Under the name Pautalia (Ancient Greek: Παυταλία or Πανταλία) it was a town in the district of Dentheletica. Its position in the Peutinger Table places Pautalia at Kyustendil; and the situation of this town at the sources of the Strymon agrees remarkably with the figure of a river-god, accompanied by the "legend" Στρύμων ("Strymon"), on some of the autonomous coins of Pautalia, as well as with the letters ΕΝ. ΠΑΙΩ. ("En. Paio"), which, on other coins, show that the inhabitants considered themselves to be Paeonians, like the other inhabitants of the banks of that river. On another coin of Pautalia, the productions of its territory are alluded to, namely, gold, silver, wine, and corn.[5] In the reign of Hadrian, the people both of Pautalia and Serdica added Ulpia to the name of their town, probably in consequence of some benefit received from that emperor. Stephanus of Byzantium has a district called Paetalia (Παιταλία), which he assigns to Thrace, probably a false reading.[6]

In the 1st century AD, it was administratively part of Macedonia. Later the city was part of the province of Dacia Mediterranea and the third largest city in the province.

The Roman fortress of Pautalia of the 2nd to 4th century had an area of over 29 hectares (appr. 72 acres). The fortress wall was built mainly of granite blocks and unusually its façade was supported with pillars and arches behind. The wall was 2.5m wide allowing small catapults to be mounted atop.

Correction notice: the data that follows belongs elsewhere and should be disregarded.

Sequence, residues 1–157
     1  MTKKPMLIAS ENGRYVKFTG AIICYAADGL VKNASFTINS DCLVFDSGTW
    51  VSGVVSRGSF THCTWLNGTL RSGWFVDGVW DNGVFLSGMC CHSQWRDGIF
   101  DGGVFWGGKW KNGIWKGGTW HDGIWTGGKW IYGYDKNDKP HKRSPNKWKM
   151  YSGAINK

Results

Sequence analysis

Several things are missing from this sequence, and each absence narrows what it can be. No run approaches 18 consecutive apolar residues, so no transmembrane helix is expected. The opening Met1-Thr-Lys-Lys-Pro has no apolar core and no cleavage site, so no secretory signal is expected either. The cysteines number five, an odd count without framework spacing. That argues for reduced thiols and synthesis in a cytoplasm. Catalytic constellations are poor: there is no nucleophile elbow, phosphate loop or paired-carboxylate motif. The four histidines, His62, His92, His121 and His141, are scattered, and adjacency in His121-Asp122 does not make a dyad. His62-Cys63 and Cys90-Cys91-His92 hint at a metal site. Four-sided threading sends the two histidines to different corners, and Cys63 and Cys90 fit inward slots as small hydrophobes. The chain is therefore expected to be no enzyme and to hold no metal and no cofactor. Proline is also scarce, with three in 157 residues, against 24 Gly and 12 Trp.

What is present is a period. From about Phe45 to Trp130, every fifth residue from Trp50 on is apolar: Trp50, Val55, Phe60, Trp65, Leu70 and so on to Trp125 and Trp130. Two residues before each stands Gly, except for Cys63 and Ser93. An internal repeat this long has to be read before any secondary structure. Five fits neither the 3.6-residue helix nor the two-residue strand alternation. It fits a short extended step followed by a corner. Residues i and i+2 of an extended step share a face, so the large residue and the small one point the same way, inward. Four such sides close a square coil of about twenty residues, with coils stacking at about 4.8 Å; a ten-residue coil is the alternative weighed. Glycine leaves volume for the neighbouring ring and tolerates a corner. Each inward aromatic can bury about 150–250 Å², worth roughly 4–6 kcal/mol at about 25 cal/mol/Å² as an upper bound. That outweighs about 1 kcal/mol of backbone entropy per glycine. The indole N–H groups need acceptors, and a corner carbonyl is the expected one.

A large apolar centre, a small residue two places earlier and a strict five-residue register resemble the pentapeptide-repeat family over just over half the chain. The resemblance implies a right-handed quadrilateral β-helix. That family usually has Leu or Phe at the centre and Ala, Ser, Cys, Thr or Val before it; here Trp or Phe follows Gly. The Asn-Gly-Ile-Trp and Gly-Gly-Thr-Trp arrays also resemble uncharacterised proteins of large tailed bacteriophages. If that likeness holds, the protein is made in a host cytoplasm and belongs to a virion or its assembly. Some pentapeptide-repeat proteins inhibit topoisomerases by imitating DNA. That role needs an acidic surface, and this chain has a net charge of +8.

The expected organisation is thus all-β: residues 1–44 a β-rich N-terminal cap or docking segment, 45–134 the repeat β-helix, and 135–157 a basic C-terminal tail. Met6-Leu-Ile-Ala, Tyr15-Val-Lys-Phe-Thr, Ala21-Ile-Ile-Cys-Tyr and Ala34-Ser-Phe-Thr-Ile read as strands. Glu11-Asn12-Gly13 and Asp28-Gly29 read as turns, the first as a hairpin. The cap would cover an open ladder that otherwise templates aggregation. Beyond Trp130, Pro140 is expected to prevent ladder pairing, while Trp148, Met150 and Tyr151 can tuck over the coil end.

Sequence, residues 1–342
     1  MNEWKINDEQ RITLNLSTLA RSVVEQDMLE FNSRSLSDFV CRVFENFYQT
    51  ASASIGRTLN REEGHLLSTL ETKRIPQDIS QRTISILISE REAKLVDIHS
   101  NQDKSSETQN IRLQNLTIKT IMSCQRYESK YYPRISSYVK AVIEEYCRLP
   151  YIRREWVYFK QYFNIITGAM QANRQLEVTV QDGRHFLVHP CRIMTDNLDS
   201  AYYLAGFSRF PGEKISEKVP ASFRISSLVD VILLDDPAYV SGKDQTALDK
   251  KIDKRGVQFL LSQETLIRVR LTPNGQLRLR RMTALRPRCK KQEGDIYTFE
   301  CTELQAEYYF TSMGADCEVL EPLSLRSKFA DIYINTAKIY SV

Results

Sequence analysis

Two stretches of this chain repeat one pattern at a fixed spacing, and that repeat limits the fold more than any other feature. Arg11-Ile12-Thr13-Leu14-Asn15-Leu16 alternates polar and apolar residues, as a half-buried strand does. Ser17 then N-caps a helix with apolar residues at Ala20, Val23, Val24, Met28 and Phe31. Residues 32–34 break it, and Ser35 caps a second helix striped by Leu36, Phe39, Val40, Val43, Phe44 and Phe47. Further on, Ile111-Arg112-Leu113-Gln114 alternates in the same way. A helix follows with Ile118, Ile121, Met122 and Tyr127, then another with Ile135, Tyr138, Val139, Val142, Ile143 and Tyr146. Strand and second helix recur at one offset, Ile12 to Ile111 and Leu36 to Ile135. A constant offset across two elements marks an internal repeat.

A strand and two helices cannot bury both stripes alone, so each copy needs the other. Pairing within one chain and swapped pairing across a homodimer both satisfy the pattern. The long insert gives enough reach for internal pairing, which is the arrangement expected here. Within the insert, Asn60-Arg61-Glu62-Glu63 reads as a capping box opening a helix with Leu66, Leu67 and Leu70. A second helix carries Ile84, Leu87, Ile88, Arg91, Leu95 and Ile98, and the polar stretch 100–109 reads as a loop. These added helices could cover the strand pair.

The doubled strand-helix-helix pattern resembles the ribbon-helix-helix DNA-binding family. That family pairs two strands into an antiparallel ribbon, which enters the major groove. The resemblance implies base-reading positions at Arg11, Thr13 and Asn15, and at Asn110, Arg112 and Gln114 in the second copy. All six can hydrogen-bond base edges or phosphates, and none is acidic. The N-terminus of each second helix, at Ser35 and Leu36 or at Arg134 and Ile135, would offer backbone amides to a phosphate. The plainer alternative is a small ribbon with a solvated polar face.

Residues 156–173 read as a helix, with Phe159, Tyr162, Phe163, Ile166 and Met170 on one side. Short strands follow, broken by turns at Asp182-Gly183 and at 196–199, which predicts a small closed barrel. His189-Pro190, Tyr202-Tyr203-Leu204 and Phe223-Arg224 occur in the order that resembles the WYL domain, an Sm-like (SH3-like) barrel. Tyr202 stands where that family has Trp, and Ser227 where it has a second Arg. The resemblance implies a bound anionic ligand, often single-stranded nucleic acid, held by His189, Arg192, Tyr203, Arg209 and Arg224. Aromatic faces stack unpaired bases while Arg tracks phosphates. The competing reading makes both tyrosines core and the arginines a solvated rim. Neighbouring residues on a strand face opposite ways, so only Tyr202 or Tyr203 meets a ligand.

A second, smaller fortress of area 2 hectares was built in the town in the 4th century (known by its later Ottoman name Hisarlaka).

Many Thracian and Roman objects are exhibited in the town's Regional History Museum, most notably an impressive numismatic collection.

Recent excavations have revealed an early Christian, late Roman monumental bishop's palace.[7]

Middle Ages[<

The Roman fortress of Pautalia of the 2nd to 4th century had an area of over 29 hectares (appr. 72 acres). The fortress wall was built mainly of granite blocks and unusually its façade was supported with pillars and arches behind. The wall was 2.5m wide allowing small catapults to be mounted atop.

A second, smaller fortress of area 2 hectares was built in the town in the 4th century (known by its later Ottoman name Hisarlaka).

Many Thracian and Roman objects are exhibited in the town's Regional History Museum, most notably an impressive numismatic collection.

Recent excavations have revealed an early Christian, late Roman monumental bishop's palace.[7]